Stoyan Stoyanov

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Stoyan Stoyanov (Стоян Стоянов) (12 March 1913 – 13 March 1997) was the highest scoring Bulgarian fighter ace of the Royal Bulgarian Air Force in World War II with 14 victories.

Early life[edit]

Stoyan Stoyanov was born 12 March 1913 in the village of Galata (now a part of the city of Varna). He was one of five siblings. Five months before his birth, his father, a flag bearer of the 8th Sea-Regiment of Varna in the Balkan war, had been killed in a battle against the Ottoman Army near the town of Edirne, near Istanbul. Because of his father's death, he was accepted in a school for war-orphans in Varna. He sold newspapers in the streets of Varna. He continued his secondary education in the national Seminary (in Sofia), which he entered in 1930.

Military schools and training[edit]

In 1934 he was granted a scholarship to the higher army school for army officers in Sofia. He passed the examinations with an excellent score and became a cavalry officer. He then attended the Royal Military Academy in Sofia in late 1934 taking the aviator’s course. In 1938 he graduated and was promoted to the rank of Lieutenant.

Stoyanov was then sent for training abroad in Germany. In July–September 1938, he took part in a competition course for acrobatic flying in Kaufbeuren. He finished this course 15 days before his fellow Bulgarian students and in September 1938 began a second course in the Higher school for fighter pilots at Werneuchen (near Berlin), with six of his Bulgarian colleagues. In 1939 he graduated and in Germany, trained his colleagues Ch. Toplodolsky and D. Spissarevsky (who both became high scoring aces). Stoyanov was trained to fly a variety of planes, among which was Gothaer, Bücker Bü 181 Bestman, Focke-Wulf Fw 44 Stieglitz, Arado Ar 45, Ar 68, Heinkel He 51, Focke-Wulf Fw 56 Stösser, Messerschmitt Bf 109 D, Bf 109 E, Bf 109 (G2 and G6) and others.

In 1939 Stoyanov became an instructor in the fighter pilot's school at Karlovo airfield, training pilots to fly Bf 109s recently delivered to the Bulgarian Air Force. In 1939 he met Mina, an 18-year-old girl who lived in Karlovo and they married in August 1940. In mid 1943 he was appointed commander of 682 (Jato) Sq./6th Fighter Regiment based at Karlovo and equipped with the Bf 109 G-2 and G-6.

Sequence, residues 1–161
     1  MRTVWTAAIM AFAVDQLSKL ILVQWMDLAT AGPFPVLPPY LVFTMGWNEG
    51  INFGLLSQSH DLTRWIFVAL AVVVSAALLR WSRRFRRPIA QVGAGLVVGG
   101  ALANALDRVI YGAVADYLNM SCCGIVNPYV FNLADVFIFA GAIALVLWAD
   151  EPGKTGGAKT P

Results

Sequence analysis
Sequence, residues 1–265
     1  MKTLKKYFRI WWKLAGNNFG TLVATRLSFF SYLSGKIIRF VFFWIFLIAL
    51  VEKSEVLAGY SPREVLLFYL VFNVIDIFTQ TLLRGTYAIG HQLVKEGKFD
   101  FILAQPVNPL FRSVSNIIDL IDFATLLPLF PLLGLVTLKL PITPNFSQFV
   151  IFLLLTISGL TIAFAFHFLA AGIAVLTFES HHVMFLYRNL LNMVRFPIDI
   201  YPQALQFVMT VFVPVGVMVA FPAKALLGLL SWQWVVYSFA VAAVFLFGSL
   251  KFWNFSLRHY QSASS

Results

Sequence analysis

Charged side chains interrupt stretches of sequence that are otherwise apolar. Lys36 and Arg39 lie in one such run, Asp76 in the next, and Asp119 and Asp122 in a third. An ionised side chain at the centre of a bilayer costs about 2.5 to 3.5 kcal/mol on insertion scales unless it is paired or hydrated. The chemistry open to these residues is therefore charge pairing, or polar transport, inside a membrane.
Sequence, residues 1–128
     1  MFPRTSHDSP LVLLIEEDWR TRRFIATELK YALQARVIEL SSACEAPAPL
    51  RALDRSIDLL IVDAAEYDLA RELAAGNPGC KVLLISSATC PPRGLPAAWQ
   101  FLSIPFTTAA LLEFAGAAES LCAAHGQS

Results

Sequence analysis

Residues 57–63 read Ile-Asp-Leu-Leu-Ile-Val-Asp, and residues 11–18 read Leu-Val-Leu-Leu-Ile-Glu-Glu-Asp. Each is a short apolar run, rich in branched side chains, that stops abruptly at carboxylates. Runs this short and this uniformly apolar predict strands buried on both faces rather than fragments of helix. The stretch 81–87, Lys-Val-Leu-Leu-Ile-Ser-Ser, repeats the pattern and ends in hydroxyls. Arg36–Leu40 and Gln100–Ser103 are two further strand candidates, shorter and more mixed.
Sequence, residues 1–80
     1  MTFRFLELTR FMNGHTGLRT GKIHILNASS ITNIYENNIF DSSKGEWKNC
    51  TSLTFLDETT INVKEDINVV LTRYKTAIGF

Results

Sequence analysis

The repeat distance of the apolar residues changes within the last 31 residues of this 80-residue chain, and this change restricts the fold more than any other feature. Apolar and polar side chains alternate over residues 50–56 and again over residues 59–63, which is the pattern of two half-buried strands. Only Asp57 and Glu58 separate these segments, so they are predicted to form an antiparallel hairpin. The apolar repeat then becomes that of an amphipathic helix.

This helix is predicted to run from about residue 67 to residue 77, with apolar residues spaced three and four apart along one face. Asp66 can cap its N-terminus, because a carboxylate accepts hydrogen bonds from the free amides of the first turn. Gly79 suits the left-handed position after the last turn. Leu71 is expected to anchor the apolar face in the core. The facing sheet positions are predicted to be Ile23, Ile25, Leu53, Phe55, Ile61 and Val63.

World war II career and awards[edit]

Stoyanov claimed his initial victory on 1 August 1943 during Operation Tidal Wave. He was personally decorated by the Bulgarian King Boris III with the "Commander’s medal for bravery". He also received the Iron Cross 2nd Class from the German Embassy. A second medal for bravery was awarded on 24 June 1944.

His last aerial victory was on 26 August 1944. In September 1944 he was promoted to Captain. The same month Bulgaria joined the Allies and thereafter the air operations were against the retreating Axis forces.

On 22 November 1944 he received his third medal for bravery and was promoted to Major, this time for combat against German ground forces in Macedonia and Kosovo (Bulgaria had joined the Allies after a political change of government on 9 September 1944.)

Stoyanov is also referenced as being credited with 4 individual destroyed, 1 shared destroyed and 4 damaged ( Philippe Saintes,: 'Stoyan Stoyanov, le Comte du Bf 109' Avions, Issue 124, June 2003) or 4 individual destroyed, 2 shared destroyed and 3 damaged.

After the war[edit]

Stoyanov remained in the Air Force of PR Bulgaria for a couple of years. In March 1945 Bulgaria received 120 Russian Yak-9M fighter planes and he trained many new pilots to fly them. He was dismissed in 1956 with a low military pension. He worked for 30 years as a guide in the Rila Monastery, a national museum and tourist site in the Rila Mountains, while his family lived in Sofia.

After the fall of the communist regime[edit]

As late as after 1989 Stoyanov was honoured as No 1 ace of the Bulgarian Royal Air Force in World War II. In 1992 he was raised to the honorary rank of general-major (retired). He died five years later, on March 13, 1997.


  • Stefan Semerdjiev: Ace in Defense of Bulgaria. Military History (USA), August 1999, p. 50-56
  • Stefan Semerdjiev: Bulgarian Eagles. Airpower (USA), September 2003, p. 14-23
  • Jay Stout. Fortress Ploesti - The campaign to destroy Hitler's oil (USA-2003), p. 68-70, 180-185
  • J.Dugan and C. Stewart. Ploesti - The great grand-air battle of 1 August 1943 (USA-2002) p. 202-203
  • Hans W. Neulen: Am Himmel Europas, 1998 Munich
  • Philippe Saintes: Le comte de BF 109. AVIONS n124, p 43-53, July 2003

External links[edit]